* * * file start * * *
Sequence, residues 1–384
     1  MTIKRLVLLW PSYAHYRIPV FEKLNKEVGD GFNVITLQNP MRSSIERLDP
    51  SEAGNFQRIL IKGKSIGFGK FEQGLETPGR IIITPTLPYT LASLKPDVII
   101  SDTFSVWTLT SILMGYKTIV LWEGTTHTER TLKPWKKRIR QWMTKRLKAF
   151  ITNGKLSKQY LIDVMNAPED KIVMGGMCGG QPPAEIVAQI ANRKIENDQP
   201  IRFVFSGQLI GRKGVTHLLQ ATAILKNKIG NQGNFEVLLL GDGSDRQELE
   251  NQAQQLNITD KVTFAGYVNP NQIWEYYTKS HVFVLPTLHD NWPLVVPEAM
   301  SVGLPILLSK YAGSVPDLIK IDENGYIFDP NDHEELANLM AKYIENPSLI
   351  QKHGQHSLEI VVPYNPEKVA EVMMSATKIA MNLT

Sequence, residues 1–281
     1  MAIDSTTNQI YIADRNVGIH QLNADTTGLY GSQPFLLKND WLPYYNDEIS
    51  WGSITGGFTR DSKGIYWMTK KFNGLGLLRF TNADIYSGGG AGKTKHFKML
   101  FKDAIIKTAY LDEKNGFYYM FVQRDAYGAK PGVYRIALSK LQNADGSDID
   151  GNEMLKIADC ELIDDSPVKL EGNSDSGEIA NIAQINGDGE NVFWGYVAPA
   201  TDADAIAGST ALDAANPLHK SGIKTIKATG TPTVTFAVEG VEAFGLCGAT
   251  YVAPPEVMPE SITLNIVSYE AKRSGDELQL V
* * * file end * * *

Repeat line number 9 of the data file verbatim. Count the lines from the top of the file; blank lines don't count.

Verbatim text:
   351  QKHGQHSLEI VVPYNPEKVA EVMMSATKIA MNLT